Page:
Sometimes I look around at all the faces of all the white Christian women (in cyberspace and church spaces I am so often surrounded by faces of white Christian women) and I think, there’s something that I really need to say.
I need to say, “We’re doing too much peacemaking.”
We have set our stock in peace, haven’t we, women of Christ? We have lifted this up, what we know of peace. It is gentleness and compromise. It is meekness and humility. It is the ever-lauded ability to be nice, and to give grace to those who wound.
But sisters, this is what I need to say. When we hold these values high, we contribute to a culture that cannot tolerate anger. We build a town square that cannot receive righteous complaint. We justify dehumanization of those who are hurt and dare to tell about it. We justify the invisibility of those who cry out in anguish and are not heard.
I believe that this is the first problem, the biggest problem, the most invisible and huge and least surmountable problem for activist white women in the Christian church.
We are doing too much peacemaking.
Oh, I know it’s right there in the Beatitudes, I know. Blessed are the peacemakers.
What I don’t know is how we think we know what peace truly is. How can we know peace, if we haven’t the ability to witness violence? How can we speak to healing, when we are so far from the wound?
If our assumption is that valid teachers do not speak out of their pain, then we have closed our ears to the truth of suffering. And though we speak of dying to the self, we do not first learn the shape and edges of those selves. We do not know what there is to die to.
I look around at us, sisters. I see us in all our whiteness and the lauded beauty of whiteness, and I see us doing our best to follow the directions. I see us trying to export this language of Christ, saying, “Don’t resist! Don’t bear ill will! Die to the self, it’s good for you!”
Blessed are the peacemakers. We’ve been told.
But are we blessed when we put a good face on blades that cut? Or when we keep ugly things quiet? Are we blessed when with our social graces we dissolve tension and suppress the spark to revolution? When we shush the power structure so it doesn’t come across as such a jerk, or wipe each others’ tears in ladies’ rooms, or keep the conversation civil at the table?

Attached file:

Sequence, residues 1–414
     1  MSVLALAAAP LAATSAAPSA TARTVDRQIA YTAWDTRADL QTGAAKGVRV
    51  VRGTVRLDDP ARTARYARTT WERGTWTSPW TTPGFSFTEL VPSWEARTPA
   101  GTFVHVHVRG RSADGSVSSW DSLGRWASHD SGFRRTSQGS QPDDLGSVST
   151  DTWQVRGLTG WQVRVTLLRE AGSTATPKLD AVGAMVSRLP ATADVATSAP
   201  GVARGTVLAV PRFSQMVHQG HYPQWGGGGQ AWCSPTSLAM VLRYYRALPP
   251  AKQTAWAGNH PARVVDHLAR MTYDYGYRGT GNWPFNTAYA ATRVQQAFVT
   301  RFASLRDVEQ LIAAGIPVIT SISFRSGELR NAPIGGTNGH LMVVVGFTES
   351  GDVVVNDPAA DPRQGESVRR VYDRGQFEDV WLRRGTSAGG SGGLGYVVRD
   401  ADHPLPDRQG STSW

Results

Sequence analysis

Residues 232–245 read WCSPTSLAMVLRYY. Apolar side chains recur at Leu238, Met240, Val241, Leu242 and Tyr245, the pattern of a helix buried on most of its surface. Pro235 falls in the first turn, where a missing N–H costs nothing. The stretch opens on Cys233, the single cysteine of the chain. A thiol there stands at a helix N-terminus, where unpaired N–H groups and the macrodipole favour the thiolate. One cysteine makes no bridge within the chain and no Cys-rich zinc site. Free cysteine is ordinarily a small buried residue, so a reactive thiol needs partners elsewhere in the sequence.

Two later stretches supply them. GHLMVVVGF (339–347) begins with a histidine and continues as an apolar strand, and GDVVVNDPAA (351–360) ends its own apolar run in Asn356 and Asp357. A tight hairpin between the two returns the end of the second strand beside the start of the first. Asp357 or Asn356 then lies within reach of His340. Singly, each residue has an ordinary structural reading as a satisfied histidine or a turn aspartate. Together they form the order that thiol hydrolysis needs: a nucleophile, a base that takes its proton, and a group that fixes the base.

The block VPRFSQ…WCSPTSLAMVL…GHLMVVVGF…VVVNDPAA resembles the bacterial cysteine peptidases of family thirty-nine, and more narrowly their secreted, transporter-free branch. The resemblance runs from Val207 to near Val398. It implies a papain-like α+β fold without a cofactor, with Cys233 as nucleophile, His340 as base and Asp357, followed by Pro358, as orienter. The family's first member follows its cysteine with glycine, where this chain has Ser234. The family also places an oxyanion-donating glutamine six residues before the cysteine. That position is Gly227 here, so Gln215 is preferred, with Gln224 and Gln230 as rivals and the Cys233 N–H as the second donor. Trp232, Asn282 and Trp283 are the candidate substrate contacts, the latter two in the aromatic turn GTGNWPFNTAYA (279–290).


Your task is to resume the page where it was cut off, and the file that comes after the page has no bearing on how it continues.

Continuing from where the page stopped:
Is this peacemaking? Or is this policing hearts?
White Christian women, there are tons of us. We’re relatively organized. We have resources. What’s more, we have a deep and true collective hunger for the face of Christ. We could get this right. If only we could stop getting it so wrong.
Let’s not keep this peace. The peace we have right now is broken. It is rotten right down to the core. It incarcerates and kills and abandons women and men of color and does the same to queer people and exports white supremacy and economic oppression hand-in-hand across the globe. It justifies the cruel misuse of human and natural resources, and then it tells the people who most have a right to be angry that anger isn’t spiritual.
Please, don’t let’s keep this peace.
Let’s dream up a different peace instead, one that isn’t so heavy as the broken kind. Let’s dream up a peace in which anger isn’t toxic because anger leads to action, which leads to justice, which leads to redemption for us all. Let’s dream up a peace in which we can hear the voice crying out in the wilderness, and we can check our own egos and line up behind leaders rising to liberate nations that we didn’t have the eyes to see.
And let us die to the self, yes, but let’s not kill love, or love of justice, or authentic voice. Let’s not kill our capacity to criticize wrongdoing at the hands of the powerful. Please, let’s hit the other stuff instead. Let’s hit the fear of instability, and the fear of having spent our entire lives on the wrong side. Let’s kill our guilt and our disruptive tears, and our fear of what the Holy Spirit can do when it is fully and truly unleashed. Let’s kill our intolerance, our knee-jerk self-defense mechanisms, and our habit of looking down at people who make too much noise.
Let us practice peacemaking for Christ, and not for empire.
Esther Emery used to direct stage plays in Southern California. But that was a long time ago. Now she is pretty much a runaway, living off the grid in a yurt and tending to three acres in the foothills of the Rocky Mountains. She writes about faith and rebellion and trying to live a totally free life at www.estheremery.com